We all want God at our beck and call-when we need something, when things aren’t going as well. We want God to fix the issue of the job we lost. Right now I’d like someone to lease our apartment once we move so I don’t have to pay $2600/month for a place I don’t occupy. Makes me think about a good image for understanding God-a concept I’ve written about before.
God is like a parent.
We love our parents at Christmas, when they buy us ice cream, when they give us a set of keys to our own car. But when dad makes us do homework or clean the yard? Forward-thinking kids would call Child Protective Services! Mom wants us to go to church!? What about my freedom of choice? I’m 15 years old, for goodness sake? Clean the dishes, sure, but I’ll need to see an uptick in my allowance for the week.
We treat God the same way. When tough stuff happens, God’s a jerk. Conversely, when things are going well, we plain don’t notice God. I guess God’s a little different than us parents in this-at least we [hopefully!] notice when parents do good things for us. This happened for the ancient people of Israel, and it happens in real life. Silly as it is, there aren’t that many practicing atheists in foxholes. Agnostics? Well, sure, why not.
But pain often reminds us of the loss or displacement of something formerly good. The investment account that tanked during a bad quarter used to pay steady dividends. The painful divorce followed years of marriage that contained some meaningful conversations, maybe a couple delightful children. The cancer metastasized ravenously within a body that had flourished for decades.
People find their way back to church after a divorce, after the loss of a child, after news of cancer, after financial woes rise to undeniable levels. I think part of the reason people come back because God is whispering to our souls how much we’re loved, how much we’re missed, how much is waiting for us. A wise person told me the sunrise comes every morning whether we get up to see it or not. Is this not true with our connection to God? Does not God still exist whether or not we pray, whether or not we fail to believe that he is there?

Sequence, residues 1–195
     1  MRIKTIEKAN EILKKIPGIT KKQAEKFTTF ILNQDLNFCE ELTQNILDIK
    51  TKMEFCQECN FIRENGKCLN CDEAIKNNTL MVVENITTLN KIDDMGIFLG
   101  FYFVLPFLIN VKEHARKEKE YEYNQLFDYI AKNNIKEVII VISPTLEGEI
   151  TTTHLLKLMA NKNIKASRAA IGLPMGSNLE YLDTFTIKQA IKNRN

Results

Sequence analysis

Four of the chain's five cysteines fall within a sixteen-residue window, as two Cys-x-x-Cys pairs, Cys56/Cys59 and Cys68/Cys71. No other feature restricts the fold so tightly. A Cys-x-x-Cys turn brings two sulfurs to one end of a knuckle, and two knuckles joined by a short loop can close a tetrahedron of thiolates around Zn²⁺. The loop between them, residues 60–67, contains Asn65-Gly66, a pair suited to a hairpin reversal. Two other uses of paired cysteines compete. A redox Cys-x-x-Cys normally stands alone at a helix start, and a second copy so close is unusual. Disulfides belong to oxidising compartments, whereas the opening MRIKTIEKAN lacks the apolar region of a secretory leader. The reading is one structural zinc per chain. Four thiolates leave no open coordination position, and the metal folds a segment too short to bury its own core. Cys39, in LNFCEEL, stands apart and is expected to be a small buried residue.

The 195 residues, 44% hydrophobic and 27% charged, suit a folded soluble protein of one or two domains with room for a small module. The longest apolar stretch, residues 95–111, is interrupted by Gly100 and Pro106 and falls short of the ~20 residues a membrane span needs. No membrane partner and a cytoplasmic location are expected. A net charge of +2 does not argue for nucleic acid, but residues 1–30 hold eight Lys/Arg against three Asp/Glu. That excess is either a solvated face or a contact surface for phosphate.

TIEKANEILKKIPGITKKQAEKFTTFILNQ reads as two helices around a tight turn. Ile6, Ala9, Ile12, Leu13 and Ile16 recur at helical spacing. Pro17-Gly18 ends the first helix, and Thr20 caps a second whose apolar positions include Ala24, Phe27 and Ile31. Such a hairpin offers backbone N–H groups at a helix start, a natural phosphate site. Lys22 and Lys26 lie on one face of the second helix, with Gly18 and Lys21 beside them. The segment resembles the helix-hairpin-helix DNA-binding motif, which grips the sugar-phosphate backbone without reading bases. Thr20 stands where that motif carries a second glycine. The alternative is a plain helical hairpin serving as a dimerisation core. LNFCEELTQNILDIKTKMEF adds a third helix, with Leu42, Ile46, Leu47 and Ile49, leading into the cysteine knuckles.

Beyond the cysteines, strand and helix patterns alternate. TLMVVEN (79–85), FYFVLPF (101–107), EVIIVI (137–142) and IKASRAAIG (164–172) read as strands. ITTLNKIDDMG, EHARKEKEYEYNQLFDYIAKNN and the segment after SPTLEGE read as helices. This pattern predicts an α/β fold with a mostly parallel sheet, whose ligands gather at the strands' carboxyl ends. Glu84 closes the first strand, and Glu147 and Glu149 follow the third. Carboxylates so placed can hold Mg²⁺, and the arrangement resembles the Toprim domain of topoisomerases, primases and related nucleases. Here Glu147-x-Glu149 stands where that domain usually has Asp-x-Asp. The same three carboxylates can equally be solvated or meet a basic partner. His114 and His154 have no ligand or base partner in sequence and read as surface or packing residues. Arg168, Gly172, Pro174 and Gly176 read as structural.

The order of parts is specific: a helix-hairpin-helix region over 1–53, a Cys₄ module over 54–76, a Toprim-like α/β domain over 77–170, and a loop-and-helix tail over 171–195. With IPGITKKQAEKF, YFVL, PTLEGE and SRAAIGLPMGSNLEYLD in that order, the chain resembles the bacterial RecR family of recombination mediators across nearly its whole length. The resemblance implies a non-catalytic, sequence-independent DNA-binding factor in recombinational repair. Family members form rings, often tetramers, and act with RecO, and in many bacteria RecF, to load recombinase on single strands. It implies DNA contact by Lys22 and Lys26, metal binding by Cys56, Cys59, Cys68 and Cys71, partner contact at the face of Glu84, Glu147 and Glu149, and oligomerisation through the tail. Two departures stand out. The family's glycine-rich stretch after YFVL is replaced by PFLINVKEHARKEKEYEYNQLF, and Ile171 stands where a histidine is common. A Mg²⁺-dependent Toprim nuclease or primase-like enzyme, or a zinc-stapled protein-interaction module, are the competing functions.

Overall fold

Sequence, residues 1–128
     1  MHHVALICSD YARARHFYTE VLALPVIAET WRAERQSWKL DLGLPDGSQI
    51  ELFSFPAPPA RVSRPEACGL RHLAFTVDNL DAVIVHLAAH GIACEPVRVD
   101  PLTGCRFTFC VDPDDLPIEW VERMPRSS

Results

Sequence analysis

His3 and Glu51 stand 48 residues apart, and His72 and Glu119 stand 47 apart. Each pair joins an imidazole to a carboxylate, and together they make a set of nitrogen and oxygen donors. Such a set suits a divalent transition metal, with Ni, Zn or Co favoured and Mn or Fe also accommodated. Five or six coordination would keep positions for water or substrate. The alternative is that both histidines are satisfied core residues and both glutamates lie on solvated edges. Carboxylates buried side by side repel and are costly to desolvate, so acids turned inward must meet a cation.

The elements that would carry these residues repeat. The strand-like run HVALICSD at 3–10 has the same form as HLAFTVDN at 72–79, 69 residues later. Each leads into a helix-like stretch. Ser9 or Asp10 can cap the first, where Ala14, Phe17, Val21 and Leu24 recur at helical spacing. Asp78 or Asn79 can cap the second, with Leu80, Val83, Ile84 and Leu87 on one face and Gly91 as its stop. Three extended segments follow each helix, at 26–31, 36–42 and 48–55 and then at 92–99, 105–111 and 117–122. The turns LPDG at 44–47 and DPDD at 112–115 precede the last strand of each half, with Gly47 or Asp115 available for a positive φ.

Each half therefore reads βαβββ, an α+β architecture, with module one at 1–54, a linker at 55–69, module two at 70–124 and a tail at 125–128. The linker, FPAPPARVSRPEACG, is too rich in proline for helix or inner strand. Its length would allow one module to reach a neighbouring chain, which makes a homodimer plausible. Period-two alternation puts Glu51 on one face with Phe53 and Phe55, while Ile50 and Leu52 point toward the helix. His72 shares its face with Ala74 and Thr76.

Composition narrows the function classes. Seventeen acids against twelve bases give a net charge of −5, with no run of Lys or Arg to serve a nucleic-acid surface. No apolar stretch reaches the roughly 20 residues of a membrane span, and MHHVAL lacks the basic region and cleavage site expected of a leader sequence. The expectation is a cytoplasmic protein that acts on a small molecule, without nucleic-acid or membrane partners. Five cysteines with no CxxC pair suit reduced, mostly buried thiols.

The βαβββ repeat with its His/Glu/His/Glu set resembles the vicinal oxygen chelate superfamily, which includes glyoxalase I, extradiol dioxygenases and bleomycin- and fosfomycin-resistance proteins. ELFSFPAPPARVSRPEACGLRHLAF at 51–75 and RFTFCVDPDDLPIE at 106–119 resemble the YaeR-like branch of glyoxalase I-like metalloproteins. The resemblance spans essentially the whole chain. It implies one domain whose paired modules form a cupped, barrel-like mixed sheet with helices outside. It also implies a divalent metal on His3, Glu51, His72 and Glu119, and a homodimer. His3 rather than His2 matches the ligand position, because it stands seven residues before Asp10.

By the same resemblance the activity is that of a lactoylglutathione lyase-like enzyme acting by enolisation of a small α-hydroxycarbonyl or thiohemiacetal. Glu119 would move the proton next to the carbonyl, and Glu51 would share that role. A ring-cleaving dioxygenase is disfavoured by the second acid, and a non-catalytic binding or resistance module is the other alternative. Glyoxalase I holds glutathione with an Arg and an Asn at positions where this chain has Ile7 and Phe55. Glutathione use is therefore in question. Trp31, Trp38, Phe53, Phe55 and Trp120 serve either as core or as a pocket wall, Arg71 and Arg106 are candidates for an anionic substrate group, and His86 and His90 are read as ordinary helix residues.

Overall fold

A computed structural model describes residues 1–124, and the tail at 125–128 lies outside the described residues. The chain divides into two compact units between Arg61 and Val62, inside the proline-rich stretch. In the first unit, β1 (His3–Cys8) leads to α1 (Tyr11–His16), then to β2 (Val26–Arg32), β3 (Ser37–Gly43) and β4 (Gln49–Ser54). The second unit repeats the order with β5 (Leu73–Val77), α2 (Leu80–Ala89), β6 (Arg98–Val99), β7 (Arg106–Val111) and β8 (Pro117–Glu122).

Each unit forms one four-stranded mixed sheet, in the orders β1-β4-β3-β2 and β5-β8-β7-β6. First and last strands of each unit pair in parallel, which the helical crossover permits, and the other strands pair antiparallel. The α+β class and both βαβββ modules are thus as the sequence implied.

As I think over the situation with our son the other night, I picture God caring for me in the same way I cared for my son as he suffered. Again, the analogy doesn’t quite work because I’m not God and I’m far from perfect. After all, I could have worked harder on keeping the suds out of his eyes-it really was my bad.
But I hope I continue to prove my love for Silas as I continue to care for him in good times and bad. I hope to model, even if it’s in an imperfect fashion, the constant love of God. Sure, I’ll fail him, but I still hope I can offer the tiniest glimpse of forgiveness so he can turn and thank God for his life and the blessings that surround him.
It was a powerful moment for me when Silas woke up with closed eyes. He needed my hand to get around our little apartment. Without sight, Silas was forced to trust me to give him the things he needs. As his eyes stayed shut, I fed him his whole lunch. What he doesn’t know yet is that his daddy is the same way. I’ve got to hold God’s hand, whether I’m making a life choice or just trying to get better at parenting [and keeping lice out of my house!]. I’ve got to trust God with things that are beyond my control, things that I can’t see.
I would be devastated if Silas lost his vision permanently, and I regret getting soap in his eye. But, amidst the chaos, I treasured the moments when he had to put his faith in me to the extent that I fed him lunch. Thankfully he is recovering, resilient little rascal that he is.
Maybe, moving forward, I’ll be shocked at how few bad things happen in my life and in my community and how much goodness exists in our crazy world.
Maybe, during seasons when it’s easiest to forget God and blame him for problems and difficulties, I’ll turn and say a genuine thank you to Jesus, even as he prays for the world and even for me.
Maybe, as I continue this path-my own spiritual journey-I’ll get better at asking the “where was God” question during good times and hard times, and learn that he’s holding my hand the whole time, feeding me body and soul.